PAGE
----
When I got up at 7am there was still no electricity and with it no chance of a shower or a proper cup of coffee. The boy-child is home from school with glandular fever, so at least we were spared the nightmare of trying to get him to the bus-stop in gridlocked traffic (traffic lights were out as well).
So it was an odd day.
The storm itself had passed, and as the day progressed, the sky became increasingly blue. Our neighbourhood was eerily quiet – the only people out seemed to be workers clearing away fallen branches and repairing power lines.
That took until about 3pm.
So it was an odd day. Our house wasn’t damaged, so we had shelter. We had food and as much hot water as could be boiled on the gas cook-top. We even managed to make one pot of coffee before the pre-ground stuff ran out and we realised our coffee grinder is electric. It wasn’t a particularly cold day, so the lack of heating wasn’t a problem. Our house has good natural light, so we didn’t have to resort to torches and candles. Really, we had pretty much everything we needed. Except the ability to work.
Without our computers, internet access and the ability to charge phone/iPad batteries – neither the Big T nor I could do much actual work. At one stage we were both sitting in our cars, charging our phone batteries and answering emails, but the newsletter I was working on had to be abandoned, as did a report I wanted to write for a meeting last night.
First world problems; and I am more than a little ashamed of myself for complaining about the lack of a latte and the possibility of a cold shower. I’m ashamed when I think of large families in cold, damp houses struggling to get children fed and off to school, before they faced the traffic to reach jobs where lateness – whatever the cause – has a financial penalty. I’m more ashamed when I think of Auckland’s homeless population, and of the people of Christchurch who have endured three years of post-Earthquake disruption to the fabric of their daily lives, and in particular those whose homes flood in storms like Tuesday night’s.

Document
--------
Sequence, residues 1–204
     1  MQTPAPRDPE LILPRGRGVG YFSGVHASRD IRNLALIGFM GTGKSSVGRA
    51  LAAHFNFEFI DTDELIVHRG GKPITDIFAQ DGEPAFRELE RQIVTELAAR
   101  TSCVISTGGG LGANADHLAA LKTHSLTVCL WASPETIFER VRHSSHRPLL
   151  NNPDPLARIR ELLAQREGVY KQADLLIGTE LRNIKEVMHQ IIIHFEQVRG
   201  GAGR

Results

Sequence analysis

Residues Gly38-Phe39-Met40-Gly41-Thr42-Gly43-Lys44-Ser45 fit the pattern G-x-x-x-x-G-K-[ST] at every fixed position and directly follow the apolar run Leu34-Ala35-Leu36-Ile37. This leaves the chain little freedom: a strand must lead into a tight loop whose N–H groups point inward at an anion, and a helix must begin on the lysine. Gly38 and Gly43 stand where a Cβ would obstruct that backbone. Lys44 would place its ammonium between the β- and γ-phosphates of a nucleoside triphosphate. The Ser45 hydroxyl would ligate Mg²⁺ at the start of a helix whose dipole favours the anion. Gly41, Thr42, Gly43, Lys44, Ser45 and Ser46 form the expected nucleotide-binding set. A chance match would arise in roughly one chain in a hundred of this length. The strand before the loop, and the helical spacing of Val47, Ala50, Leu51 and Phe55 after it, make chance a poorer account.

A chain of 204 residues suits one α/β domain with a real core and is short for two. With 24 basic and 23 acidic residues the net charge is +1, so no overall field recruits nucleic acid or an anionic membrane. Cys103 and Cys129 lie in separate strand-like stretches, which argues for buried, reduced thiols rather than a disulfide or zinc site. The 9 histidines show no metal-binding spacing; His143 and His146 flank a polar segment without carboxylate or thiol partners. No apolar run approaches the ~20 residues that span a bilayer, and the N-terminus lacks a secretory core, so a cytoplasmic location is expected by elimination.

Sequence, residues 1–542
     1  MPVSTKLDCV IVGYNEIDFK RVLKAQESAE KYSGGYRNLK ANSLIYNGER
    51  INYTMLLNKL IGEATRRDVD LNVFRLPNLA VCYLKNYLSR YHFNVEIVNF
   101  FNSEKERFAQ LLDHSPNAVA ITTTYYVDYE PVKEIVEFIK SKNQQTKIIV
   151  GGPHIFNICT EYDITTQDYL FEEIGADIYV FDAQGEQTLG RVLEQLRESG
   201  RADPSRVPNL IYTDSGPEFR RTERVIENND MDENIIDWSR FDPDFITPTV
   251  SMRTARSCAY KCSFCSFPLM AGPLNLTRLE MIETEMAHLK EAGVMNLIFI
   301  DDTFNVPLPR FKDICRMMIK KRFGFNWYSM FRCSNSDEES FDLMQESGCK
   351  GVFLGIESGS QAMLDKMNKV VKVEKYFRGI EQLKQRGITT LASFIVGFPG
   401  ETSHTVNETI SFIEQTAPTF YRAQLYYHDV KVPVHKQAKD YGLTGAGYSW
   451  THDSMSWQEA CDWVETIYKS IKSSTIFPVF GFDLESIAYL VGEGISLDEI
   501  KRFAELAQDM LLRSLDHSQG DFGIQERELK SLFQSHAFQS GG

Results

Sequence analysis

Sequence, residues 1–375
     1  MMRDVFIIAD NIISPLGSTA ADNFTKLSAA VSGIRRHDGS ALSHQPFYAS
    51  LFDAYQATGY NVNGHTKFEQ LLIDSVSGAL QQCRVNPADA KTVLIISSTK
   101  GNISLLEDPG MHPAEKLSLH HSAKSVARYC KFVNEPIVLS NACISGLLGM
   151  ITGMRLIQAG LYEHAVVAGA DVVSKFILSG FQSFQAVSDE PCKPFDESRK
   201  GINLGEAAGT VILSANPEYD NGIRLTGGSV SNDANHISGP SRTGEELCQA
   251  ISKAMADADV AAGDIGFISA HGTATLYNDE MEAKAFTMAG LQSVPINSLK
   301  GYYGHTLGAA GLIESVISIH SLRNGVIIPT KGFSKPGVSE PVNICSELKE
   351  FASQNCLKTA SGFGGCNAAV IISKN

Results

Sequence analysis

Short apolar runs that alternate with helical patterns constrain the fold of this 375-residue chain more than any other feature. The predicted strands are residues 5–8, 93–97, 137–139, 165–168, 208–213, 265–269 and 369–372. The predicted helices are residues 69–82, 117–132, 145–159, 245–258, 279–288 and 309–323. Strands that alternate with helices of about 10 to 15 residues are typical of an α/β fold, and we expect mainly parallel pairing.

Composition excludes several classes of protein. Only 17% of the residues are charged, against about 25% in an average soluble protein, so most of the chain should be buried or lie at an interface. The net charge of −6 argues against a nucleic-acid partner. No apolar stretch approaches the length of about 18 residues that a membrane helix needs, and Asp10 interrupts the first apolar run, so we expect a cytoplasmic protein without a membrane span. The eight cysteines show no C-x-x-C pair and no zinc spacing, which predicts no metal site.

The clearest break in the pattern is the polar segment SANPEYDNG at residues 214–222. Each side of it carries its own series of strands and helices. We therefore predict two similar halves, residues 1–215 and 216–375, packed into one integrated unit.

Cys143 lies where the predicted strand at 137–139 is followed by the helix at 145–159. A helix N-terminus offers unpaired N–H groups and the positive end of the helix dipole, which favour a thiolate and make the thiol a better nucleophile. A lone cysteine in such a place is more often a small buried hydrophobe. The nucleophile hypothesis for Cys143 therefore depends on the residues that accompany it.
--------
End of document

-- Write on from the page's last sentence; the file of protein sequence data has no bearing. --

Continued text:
The Auckland City Mission has long been our family’s “Christmas” charity, but of course compassion is for life, not just for Christmas.
Tropical cyclone Luci. Fun for some.
It’s raining today and I’m feeling trapped inside; roaming the house with phone in hand looking for things to photograph.
As usual I gravitate to the kitchen. Yesterday, in anticipation of the storm that’s hit Auckland, I harvested all of the ripe (and almost ripe) tomatoes, peppers and chillies in my garden. Not all of the tomatoes survived the night – they made a wonderful snack while I was waiting for dinner. But what was left this morning did look lovely – fresh and vibrant.
These days, when many of us lack the time and space for a garden, homegrown vegetables invoke a kind of nostalgia for childhood. One of the ways in which my parents embraced their new life in New Zealand was by planting a garden, so even now, the taste of a fresh tomato takes me back to endless Auckland summers.
If tomatoes evoke summer, then onions represent autumn – the shift from raw salads to soups and sauces and curries.
I’m not quite sure why, but I love this de-saturated shot more. The toning evokes 1940s movies, but how onions might fit in … a mystery.
Sage is my new favourite herb, and is plentiful in the garden. Last night we picked a huge bunch of wonderfully fragrant leaves to stir into a creamy mushroom sauce.
It’s autumn here, so fruit and vegetables are cheap and plentiful.Yesterday I bought two beautiful pineapples.
Pineapples are one of those fruits that don’t look particularly appealing until you cut into them, but their weird texture does offer lots of photographic potential.